This will help the reader make sense of your appeal chronologically and allow them to be able to cross reference dates with other statements or evidence.

5. Add names

Just like adding dates, adding full names to your appeal will help the reader understand who was involved and when relevant, be able to question said people regarding your appeal.

It can also be useful to add job title with names to avoid any confusion.

For example:

Jeff Goldblum, Module Leader for [module, course].

6. Use evidence

One of the most important parts of an appeal is the evidence. If you don’t have good evidence, think about how you might be able to get some.

The evidence you require depends on the underlying facts and grounds of the appeal but might include any of the following:

  • Medical evidence (e.g. medical report, doctor’s letter)
  • Death certificates
  • Correspondence (e.g. email, letters)
  • Police reports
  • Court documents
  • Official summary of support needs

(This is not an exhaustive list)

Evidence needs to:

  • Be from a reliable and appropriate source.
  • Be relevant to your argument and grounds for appeal.
  • Clearly labelled: Evidence 1 – Letter from GP. Dated dd/mm/yyyy.
  • In the form of whole documents where possible, if screenshots must be used, ensure all relevant information is visible, like dates, times, names, signatures, headed paper, etc.

Students who have letters from Counsellors, Psychotherapists or Doctors may wish to ask their relevant practitioner to use the wording below (or similar) to help establish a strong appeal:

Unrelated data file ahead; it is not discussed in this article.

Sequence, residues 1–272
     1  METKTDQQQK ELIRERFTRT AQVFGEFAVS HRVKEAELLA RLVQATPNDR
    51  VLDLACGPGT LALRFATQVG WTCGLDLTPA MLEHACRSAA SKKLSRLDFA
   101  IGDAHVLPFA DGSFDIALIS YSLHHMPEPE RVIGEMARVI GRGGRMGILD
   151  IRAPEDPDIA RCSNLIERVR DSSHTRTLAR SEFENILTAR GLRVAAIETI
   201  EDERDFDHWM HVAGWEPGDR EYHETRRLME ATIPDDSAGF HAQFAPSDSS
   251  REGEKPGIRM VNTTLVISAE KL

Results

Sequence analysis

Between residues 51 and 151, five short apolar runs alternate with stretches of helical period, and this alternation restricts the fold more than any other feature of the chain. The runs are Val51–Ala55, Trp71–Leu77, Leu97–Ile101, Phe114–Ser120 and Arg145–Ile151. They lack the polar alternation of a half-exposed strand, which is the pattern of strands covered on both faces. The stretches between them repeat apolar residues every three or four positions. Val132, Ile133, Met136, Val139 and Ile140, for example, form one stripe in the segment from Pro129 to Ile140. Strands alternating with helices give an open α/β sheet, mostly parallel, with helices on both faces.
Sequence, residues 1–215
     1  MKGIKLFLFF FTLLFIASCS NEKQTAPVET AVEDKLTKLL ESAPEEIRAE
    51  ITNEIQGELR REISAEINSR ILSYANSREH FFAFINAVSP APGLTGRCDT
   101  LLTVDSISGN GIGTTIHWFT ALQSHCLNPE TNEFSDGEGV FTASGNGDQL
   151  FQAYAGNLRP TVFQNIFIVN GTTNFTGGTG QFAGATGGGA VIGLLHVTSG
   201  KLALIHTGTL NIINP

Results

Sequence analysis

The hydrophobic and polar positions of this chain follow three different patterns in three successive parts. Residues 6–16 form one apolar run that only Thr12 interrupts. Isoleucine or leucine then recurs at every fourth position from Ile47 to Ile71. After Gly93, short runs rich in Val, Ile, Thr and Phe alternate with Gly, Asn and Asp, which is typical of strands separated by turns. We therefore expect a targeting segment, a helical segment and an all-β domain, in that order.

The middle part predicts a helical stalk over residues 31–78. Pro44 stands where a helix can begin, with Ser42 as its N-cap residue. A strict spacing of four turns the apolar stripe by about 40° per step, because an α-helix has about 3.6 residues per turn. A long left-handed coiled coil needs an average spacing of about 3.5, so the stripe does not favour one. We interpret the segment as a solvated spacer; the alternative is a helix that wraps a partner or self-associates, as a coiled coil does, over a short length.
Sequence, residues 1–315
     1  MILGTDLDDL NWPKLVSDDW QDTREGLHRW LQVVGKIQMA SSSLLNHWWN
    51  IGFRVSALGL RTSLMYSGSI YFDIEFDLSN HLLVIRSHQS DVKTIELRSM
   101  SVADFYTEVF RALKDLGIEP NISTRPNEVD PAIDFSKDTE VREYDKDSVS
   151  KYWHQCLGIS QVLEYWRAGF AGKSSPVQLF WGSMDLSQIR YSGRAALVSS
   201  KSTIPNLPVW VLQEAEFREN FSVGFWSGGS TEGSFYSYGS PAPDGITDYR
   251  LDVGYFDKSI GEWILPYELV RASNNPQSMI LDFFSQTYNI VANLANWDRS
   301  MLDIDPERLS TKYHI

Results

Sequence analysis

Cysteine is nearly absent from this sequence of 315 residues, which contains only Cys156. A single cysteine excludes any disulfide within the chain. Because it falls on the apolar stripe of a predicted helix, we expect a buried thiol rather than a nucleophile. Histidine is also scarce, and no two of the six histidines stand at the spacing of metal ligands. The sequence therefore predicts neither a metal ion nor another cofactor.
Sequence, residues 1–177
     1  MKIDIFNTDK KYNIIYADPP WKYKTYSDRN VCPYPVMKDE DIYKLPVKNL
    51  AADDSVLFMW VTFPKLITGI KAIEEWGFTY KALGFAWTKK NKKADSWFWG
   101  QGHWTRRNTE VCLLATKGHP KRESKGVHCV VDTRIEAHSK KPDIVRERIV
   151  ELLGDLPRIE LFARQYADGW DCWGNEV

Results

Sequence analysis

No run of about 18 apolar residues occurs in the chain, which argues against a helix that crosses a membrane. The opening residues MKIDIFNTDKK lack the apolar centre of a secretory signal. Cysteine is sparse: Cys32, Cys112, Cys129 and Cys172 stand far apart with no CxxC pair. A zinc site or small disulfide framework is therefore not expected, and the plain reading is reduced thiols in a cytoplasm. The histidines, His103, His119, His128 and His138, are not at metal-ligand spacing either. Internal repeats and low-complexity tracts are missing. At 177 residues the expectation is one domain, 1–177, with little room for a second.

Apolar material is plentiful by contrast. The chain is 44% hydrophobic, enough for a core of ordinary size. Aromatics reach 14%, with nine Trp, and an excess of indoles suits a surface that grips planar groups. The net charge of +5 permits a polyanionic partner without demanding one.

“Based on what the student has reported to us, this would be consistent with a diagnosis of (XXXXX) and this would have impacted their studies and their ability to engage with the Mitigation/Extenuating Circumstances and other university procedures”

“I have been supporting this student through (XXXXX) and can confirm they are now recovering/recovered and will be able to effectively engage with university again”

The dates that the relevant practitioner mentions will also need to be in line with the relevant timeframe of your appeal argument.

For example:

If you are asking to be considered for retrospective mitigation/ECs for an assessment due in on a certain date, then the evidence will need to be dated to show your difficulties during the lead up to that date and will need to coincide with when the mitigation/ECs application window was open.

You would need to provide evidence to not only show what the mitigating/Extenuating Circumstances were and how they impacted you and your ability to study, but also to show how they impacted your ability to follow the Extenuating/Mitigating Circumstances procedure and any other relevant university procedure to explain why you weren’t able to apply for ECs/Mitigation at the proper time. Only exceptional circumstances will be considered for retrospective mitigation/ECs.

7. Use referencing

As stated above, evidence is key to an effective appeal. Without it, your appeal is unlikely to be considered.

Aim to have some evidence to back up each point you make.

Upload/send all your clearly labelled evidence alongside your appeal.

Each time you make a point, add the evidence it relates to as a reference in brackets.

For example:

‘I contacted [name, job title] on [dd/mm/yyyy] as you can see from [evidence_name].’

8. Outcome Sought

Be clear on the outcome you want from your appeal.

If you want a cap removed, state which module and submission date this relates to. If you are asking for a retake, state the exact details of the modules you would like to retake and when.

If you have any questions about outcomes, book an SU Advice appointment and we can discuss this with you.